(22) Giulia Calvi and Nadia Fadil (eds). Can and Will Anti-discrimination Law Bring a Change?. In particular the case law from France, Switzerland but also from the European Court of Human Rights (ECtHR)40 shows that (constitutional) provisions on freedom of religion have not really helped protecting the right to wear a headscarf. The German decisions also show how fragile that protection can be in another system which has so far tended to protect that right: a simple intervention by state legislators was sufficient to undermine those judicially acquired rights. The Italian situation (which can probably be extended to similar legislative proposals in France and Belgium) has also demonstrated how little weight freedom of religion can have or how it is completely dodged in the debates on prohibiting someone from walking on public streets in a Muslim veil.41 Hence, the question becomes whether other legal means and new legal actors might provide a better venue to protect the right to wear a headscarf for at least some of the cases presented here above? The thought here goes to equality related arguments, anti-discrimination legislation and the European Court of Justice (ECJ). In particular, it is questionable whether legislation such as that developed in some of the German Länder, is compatible with European anti-discrimination legislation. Theoretically, there are different legal instruments which could become applicable. The first and most obvious is Directive 2000/78/EC which prohibits discrimination on the basis of religion in the employment context.42 This directive has been implemented with some delays into German law with the German Anti-Discrimination Act in 2006.43 Teachers who want to wear a headscarf in public service could argue that they are being discriminated against on the grounds of religion under such legislation. The argument is especially strong under the laws of those states (Bavaria, Baden Württemberg) who have made it clear that they introduced the legislation so as to preserve Christian values. It is hard to imagine how such a targeting of one religion (Islam) while explicitly favouring and exempting another (Christianity) can withstand legal challenge under current anti-discrimination law. The case might be less straightforward for the legislation of those Länder who have introduced a ban with the justification that any ostentatious religious symbols - both Christian and Muslim - in public service will be forbidden. Even in this case, one might raise the argument of indirect discrimination, in that the apparently neutral provisions, criterions or practices applying equally to everyone nevertheless disproportionately affect female teachers wearing a headscarf. However, this would only protect teachers or employees, since religious discrimination under Directive 2000/78/EC is protected only in. 40. See most recently the chamber judgments Dogru v. France (Application no. 27058/05) and Kervanci v. France (Application no. 31645/04), both decided on 4th December 2008. Here the ECtHR held that expelling two young women from school because they refused to take off their headscarf in class is not a violation of their freedom of thought, conscience and religion as protected by Article 9 of the European Convention on Human Rights. These two cases confirm earlier case law by the same court, in particular Leyla Şahin v. Turkey (Application no. 44774/98) and Zeynep Tekin v. Turkey (Application no. 41556/98) where a similar headscarf ban in universities by Turkey was upheld because not in violation of Article 9. 41. Nevertheless, a recent decision by the ECtHR may provide a more nuanced picture in as much as it distinguishes between bans of the headscarf in public institutions (which the court had upheld) and prohibitions to wear religious clothing in public spaces more in general (which the court declared in violation of Article 9 ECHR). See Ahmet Arslan and Others v. Turkey (Application no. 41135/98), dated 23 February 2010, in particular para. 48 -49. The case has been appealed to the Grand Chamber so the final word is not said. 42 Council Directive 2000/78/EC of 27 November 2000 establishing a general framework for equal treatment in employment and occupation. 43. Allgemeines Gleichbehandlungsgesetz, 14 August 2006 (BGBl. I p. 1897).. 14.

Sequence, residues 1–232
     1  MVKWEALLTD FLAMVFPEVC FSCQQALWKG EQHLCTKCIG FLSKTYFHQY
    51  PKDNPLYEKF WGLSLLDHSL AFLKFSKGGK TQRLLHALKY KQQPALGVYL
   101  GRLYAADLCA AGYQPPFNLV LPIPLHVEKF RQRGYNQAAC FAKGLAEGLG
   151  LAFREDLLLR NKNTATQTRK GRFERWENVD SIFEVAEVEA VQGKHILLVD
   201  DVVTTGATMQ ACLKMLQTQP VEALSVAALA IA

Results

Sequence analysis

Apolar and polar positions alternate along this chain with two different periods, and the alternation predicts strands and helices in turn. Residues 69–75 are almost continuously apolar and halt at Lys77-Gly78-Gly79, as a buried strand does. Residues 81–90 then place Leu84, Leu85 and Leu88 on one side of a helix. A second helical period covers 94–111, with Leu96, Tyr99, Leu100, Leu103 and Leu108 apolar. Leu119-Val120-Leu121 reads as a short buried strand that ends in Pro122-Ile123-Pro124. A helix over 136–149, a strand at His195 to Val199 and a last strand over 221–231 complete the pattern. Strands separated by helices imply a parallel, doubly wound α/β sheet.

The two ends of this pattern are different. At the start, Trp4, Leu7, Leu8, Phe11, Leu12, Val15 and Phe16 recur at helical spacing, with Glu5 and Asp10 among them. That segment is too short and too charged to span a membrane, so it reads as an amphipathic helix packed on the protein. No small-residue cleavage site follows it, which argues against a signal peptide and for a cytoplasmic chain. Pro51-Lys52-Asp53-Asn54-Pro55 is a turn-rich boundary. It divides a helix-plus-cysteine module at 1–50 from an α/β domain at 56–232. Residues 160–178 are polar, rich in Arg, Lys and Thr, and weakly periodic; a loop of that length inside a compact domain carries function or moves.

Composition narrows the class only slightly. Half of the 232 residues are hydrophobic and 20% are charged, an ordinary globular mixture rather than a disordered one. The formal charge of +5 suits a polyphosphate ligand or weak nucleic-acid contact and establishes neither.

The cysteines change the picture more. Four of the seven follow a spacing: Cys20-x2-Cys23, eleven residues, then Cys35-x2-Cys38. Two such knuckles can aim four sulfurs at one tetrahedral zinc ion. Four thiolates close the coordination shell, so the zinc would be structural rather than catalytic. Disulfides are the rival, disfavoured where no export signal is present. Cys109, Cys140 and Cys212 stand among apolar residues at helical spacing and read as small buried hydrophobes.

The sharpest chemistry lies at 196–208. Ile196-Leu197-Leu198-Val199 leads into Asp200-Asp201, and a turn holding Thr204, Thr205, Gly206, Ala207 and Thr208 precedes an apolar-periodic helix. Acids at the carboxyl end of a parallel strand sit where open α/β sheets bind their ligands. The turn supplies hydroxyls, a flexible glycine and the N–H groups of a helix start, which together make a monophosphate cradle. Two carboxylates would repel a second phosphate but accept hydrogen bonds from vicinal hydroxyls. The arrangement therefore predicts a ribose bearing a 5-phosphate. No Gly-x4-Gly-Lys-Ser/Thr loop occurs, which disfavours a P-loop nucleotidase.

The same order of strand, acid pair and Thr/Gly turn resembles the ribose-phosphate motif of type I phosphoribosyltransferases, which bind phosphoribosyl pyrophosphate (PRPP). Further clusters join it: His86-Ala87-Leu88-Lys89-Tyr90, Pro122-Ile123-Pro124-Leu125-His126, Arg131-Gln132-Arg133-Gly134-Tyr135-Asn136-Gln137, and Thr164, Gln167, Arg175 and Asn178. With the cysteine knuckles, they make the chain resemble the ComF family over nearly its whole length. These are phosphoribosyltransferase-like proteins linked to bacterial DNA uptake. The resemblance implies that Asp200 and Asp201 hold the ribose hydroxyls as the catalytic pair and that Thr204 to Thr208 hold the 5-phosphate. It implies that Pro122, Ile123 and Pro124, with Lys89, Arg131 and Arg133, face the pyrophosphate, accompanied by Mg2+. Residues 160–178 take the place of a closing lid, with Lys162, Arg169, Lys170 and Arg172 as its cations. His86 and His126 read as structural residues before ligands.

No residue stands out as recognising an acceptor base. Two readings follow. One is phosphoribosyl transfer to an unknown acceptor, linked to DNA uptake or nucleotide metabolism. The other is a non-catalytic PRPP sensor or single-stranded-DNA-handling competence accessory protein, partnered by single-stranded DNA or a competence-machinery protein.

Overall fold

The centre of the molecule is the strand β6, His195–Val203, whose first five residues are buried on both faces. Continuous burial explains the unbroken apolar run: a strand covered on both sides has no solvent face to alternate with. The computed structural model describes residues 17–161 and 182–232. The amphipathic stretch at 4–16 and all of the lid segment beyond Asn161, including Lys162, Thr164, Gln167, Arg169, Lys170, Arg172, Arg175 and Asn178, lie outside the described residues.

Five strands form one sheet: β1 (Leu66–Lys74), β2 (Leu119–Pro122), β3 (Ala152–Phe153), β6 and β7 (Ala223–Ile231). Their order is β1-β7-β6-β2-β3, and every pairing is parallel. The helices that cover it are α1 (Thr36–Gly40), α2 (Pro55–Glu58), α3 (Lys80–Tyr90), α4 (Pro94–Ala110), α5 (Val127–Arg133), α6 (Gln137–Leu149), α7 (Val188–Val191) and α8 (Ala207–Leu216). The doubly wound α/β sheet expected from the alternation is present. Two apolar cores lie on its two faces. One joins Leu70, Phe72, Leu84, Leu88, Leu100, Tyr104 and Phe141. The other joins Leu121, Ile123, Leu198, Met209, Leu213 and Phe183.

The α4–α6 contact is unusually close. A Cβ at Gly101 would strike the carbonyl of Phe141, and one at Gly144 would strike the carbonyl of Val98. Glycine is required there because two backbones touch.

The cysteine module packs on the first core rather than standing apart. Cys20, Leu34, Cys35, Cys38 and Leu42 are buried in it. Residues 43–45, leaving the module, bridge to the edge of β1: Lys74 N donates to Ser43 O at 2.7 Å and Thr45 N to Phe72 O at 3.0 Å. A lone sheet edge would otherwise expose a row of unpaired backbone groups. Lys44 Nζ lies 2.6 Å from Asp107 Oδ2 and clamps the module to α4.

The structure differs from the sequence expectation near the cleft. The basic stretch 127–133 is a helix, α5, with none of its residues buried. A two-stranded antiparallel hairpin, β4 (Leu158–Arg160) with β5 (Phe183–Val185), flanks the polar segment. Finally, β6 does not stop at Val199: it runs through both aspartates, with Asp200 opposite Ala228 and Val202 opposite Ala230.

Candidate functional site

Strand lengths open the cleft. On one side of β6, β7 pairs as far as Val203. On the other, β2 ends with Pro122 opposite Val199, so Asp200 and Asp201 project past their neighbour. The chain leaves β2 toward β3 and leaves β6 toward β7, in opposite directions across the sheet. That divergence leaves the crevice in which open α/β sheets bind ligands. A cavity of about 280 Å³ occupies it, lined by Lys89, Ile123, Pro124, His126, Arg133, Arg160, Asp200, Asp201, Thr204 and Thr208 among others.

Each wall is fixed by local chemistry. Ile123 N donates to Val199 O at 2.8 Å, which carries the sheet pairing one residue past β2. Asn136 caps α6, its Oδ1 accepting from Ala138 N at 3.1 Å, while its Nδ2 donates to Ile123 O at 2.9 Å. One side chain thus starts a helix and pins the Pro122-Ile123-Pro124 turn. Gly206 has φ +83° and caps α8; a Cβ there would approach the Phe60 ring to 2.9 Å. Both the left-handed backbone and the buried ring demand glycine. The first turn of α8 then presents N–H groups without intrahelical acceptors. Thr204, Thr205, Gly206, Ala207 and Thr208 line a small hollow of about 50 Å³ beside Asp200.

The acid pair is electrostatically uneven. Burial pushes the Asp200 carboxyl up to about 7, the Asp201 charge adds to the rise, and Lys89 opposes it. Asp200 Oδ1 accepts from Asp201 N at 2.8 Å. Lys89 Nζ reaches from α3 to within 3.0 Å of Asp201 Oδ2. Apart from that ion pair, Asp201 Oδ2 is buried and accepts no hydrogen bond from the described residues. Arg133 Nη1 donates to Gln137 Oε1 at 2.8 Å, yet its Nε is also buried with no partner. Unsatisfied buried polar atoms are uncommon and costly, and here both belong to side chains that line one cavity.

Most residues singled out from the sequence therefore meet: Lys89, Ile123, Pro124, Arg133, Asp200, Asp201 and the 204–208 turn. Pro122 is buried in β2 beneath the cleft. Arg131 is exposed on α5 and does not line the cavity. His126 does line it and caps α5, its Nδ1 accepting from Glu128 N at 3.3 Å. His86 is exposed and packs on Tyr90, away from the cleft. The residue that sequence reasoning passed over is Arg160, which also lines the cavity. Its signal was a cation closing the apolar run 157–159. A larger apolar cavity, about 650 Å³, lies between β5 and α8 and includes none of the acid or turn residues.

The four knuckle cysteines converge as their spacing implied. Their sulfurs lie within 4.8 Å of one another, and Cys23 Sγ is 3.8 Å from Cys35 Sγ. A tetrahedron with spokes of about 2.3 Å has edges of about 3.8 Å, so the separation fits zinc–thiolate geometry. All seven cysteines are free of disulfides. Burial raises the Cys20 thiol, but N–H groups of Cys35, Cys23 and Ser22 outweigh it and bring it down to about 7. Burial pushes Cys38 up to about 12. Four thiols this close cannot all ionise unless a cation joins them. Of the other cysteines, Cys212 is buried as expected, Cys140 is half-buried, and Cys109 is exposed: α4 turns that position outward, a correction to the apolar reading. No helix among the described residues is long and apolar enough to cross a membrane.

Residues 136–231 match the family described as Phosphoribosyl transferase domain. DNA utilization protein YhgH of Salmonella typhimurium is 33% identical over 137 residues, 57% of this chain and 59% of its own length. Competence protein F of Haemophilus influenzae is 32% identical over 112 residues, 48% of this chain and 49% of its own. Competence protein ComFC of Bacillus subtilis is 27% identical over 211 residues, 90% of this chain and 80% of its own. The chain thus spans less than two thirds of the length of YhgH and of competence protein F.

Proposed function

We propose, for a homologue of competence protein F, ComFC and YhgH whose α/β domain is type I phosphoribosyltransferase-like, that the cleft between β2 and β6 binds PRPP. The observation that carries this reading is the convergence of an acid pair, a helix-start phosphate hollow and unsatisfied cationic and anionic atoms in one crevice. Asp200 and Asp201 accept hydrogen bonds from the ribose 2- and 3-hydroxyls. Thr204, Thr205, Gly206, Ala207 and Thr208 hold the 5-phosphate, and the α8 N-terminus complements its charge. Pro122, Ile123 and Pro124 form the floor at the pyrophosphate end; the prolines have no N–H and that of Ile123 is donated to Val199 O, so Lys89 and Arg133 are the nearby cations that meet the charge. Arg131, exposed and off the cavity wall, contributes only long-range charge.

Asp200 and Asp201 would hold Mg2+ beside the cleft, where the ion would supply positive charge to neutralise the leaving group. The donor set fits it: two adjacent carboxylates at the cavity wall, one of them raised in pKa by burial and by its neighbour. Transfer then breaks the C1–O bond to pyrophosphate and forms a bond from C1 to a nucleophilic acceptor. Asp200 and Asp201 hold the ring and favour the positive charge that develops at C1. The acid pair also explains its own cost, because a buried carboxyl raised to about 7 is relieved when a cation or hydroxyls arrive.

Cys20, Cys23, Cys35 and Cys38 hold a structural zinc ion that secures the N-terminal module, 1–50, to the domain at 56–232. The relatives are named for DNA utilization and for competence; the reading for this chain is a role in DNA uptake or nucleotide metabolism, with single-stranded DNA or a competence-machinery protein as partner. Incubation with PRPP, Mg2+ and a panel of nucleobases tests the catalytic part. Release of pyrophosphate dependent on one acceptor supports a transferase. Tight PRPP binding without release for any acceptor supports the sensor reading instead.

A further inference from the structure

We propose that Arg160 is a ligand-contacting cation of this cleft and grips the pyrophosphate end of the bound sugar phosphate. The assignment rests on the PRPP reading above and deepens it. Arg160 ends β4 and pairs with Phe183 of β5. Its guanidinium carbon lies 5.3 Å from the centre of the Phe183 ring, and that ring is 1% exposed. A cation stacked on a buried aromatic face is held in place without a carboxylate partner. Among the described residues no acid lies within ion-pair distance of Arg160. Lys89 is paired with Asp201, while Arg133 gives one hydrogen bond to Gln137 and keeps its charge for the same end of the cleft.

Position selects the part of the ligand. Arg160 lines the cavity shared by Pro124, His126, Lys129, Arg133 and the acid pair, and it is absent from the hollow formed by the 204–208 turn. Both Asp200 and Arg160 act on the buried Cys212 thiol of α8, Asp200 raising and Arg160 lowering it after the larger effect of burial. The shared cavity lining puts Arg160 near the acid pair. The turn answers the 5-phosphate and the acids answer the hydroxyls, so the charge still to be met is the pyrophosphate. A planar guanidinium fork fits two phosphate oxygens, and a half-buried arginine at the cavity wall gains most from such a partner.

(23) Politics of Diversity. the employment context. The pupil cases in France, for example, would not fall under the scope of this non-discrimination legislation. Moreover, an additional difficulty of using the indirect discrimination track is that Article 2, para. 2 (b) of that Directive provides that such apparently neutral provision, criterions or practices are not prohibited when they are “objectively justified by a legitimate aim and the means of achieving it are appropriate and necessary”. Hence, some of these Länder might try to argue that their aim is legitimate and objectively justified, appropriate and necessary. The second piece of European legislation which might be invoked is the Directive 2006/54/EC concerning equal treatment of men and women in employment.44 Indeed, it could be argued that the prohibition to wear headscarves or religious symbols in public education is a case of indirect sex discrimination since mostly Muslim women are affected by it. Nevertheless, like under Directive 2000/78/EC according to Article 2, para. 1 (b) such provisions, criteria and practices are admissible if they are “objectively justified by a legitimate aim and the means of achieving it are appropriate and necessary”.45 Last but not least, there might be some room for invoking discrimination on the basis of Directive 2000/43/EC which prohibits discrimination on the basis of race and ethnicity.46 As with gender discrimination, legally speaking no claim of direct discrimination can be brought. However, it could be argued that the headscarf ban predominantly affects people of non-Western origins and is therefore discriminatory on the base of their race and ethnicity. Again, according to Article 2, para. 2 (b) such a policy or measure is legitimate if it is “objectively justified by a legitimate aim and the means of achieving that aim are appropriate and necessary.”47 The theoretical applicability of these Directives and their national implementing legislation nevertheless is highly dependent on the concrete application given to these provisions by judges. This means that their biases and subjective views of what the normative baselines and assumptions should be and are as well as what role (Christian) religion should play in seemingly secular societies come into play. Especially with regards to the potential justifications in the case of indirect discrimination it is highly probable that the Länder would find open ears with the judges for their arguments that the prohibition is justified, appropriate and necessary. Some reasons that have also in part emerged before the ECtHR, or that were employed before the BVerfG could be seen as acceptable justification: guaranteeing a secular state and education, promoting gender equality, avoiding social unrest, promoting social cohesion and integration, children’s rights and parents’ rights (whereby in those cases it is only the Christian childrens’ and parents’ rights that are being considered). And indeed three different examples from three different countries – the first involving an attempt to challenge headscarf bans by means of anti-discrimination legislation, the second and third involving employment discrimination claims for religious discrimination by Muslim women - show how difficult it can become to judicially defy certain normative assumptions based on the views of a white, Christian majority to which European judges mostly belong, especially when to begin with such anti-. 44 Directive 2006/54/EC of the European Parliament and of the Council of 5 July 2006 on the implementation of the principle of equal opportunities and equal treatment of men and women in matters of employment and occupation (recast). 45. It should be noted, however, that the sex equality argument can go the opposite way as well. Indeed, the headscarf is often viewed and constructed as an Islamic symbol of female subordination. According to this view, allowing it to be worn in public schools would equal condoning the inferior position of women in Islam. Hence, prohibiting the headscarf actually furthers sex equality by emancipating women. This argument is employed by the ECtHR in its judgment Dahlab v. Switzerland (decision on admissibility - Application No. 42393/98). See in more detail on this point Titia Loenen, ‘The headscarf debate: Approaching the intersection of sex, religion, and race under the European Convention on Human Rights and EC equality law’ in Dagmar Schiek and Victoria Chege (eds), European Union Non-Discrimination Law. Comparative Perspectives on Multidimensional Equality Law (2009), London, New York: Routledge, pp. 322- 323. 46. Council Directive 2000/43/EC of 29 June 2000 implementing the principle of equal treatment between persons irrespective of racial or ethnic origin. 47. In this sense, Loenen, supra note 42 at pp. 321 – 322.. 15.